The CALCH project has repaired some of the surviving structures at Herbert's Quarry and has created self-guided trails around the site to encourage visitors. The project has also investigated the history of the lime industry to discover and celebrate its links with local communities.


Travellers on the A4069 journeying over the Black Mountain between Llangadog and Brynamman may have noticed a roadside monument commemorating the death of David Davies of Gwynfe, who in 1884 at the age of 22 was crushed to death by his cart laden with lime.

The monument stands in a fascinating and strikingly beautiful landscape of limestone quarries and lime kilns within the Brecon Beacons National Park and the Fforest Fawr Geopark.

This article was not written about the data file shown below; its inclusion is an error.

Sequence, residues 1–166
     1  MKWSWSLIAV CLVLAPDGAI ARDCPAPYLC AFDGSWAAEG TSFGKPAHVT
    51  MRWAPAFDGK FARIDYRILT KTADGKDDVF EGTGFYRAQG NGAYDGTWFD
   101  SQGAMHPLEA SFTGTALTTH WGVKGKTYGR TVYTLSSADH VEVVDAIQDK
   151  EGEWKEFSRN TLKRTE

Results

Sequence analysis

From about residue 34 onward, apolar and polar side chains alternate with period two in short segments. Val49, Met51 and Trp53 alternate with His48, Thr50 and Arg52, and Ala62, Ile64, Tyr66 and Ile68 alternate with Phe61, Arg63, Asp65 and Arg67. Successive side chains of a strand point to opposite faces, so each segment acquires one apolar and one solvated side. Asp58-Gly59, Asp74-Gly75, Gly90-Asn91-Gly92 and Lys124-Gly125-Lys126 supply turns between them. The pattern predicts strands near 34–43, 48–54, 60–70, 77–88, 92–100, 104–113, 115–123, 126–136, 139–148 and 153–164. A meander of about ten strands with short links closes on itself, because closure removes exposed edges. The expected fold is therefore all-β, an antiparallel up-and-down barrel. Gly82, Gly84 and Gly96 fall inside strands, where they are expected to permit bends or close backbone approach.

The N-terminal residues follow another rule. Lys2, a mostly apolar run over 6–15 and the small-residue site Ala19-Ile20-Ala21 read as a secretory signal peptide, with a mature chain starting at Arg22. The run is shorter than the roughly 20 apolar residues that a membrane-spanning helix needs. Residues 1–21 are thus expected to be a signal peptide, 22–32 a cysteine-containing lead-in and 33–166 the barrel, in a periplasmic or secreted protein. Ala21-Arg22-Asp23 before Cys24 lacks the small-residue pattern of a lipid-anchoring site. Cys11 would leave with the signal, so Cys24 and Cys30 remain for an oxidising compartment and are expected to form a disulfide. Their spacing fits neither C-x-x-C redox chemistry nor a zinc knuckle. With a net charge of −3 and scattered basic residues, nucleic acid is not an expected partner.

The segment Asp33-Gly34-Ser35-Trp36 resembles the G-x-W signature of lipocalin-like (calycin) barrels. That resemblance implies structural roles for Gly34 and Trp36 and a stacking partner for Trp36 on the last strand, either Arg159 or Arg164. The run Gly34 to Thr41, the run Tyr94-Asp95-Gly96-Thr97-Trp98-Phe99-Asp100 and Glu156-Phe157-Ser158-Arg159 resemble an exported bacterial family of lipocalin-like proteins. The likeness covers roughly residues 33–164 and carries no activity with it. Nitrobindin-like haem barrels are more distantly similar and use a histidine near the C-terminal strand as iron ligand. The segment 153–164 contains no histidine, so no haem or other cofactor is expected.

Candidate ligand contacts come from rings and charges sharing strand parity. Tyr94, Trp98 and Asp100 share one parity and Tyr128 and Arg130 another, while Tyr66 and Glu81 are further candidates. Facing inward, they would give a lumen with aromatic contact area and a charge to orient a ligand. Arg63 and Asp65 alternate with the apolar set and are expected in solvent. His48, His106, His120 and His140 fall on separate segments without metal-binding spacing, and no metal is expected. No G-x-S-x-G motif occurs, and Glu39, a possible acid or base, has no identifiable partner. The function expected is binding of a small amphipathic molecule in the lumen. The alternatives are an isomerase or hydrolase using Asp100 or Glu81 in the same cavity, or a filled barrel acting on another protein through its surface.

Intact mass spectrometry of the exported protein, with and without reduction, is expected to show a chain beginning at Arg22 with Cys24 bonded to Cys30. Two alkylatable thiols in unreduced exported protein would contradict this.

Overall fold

The vital role lime has played in creating the landscapes of the Wales we know today is often overlooked. Its alkaline properties have enabled farmers to transform acid soils into productive farmland; its uses as mortar and whitewash have helped build our towns and cities. Lime and limestone are even crucial to industrial processes such as iron and copper smelting which have helped make Wales world famous.

The Brecon Beacons National Park recognises the need to conserve these important industrial remains, and also recognise that improving public access and providing information about the site can attract new visitors and bring benefits to local communities. The Calch Project has made the quarries a fascinating place to visit and to learn about the industrial heritage, wildlife, social history and geology of the area.

During the project there were many different events and activities, with opportunities for people to get involved in all sorts of ways. Explore the site to discover what everyone got up to!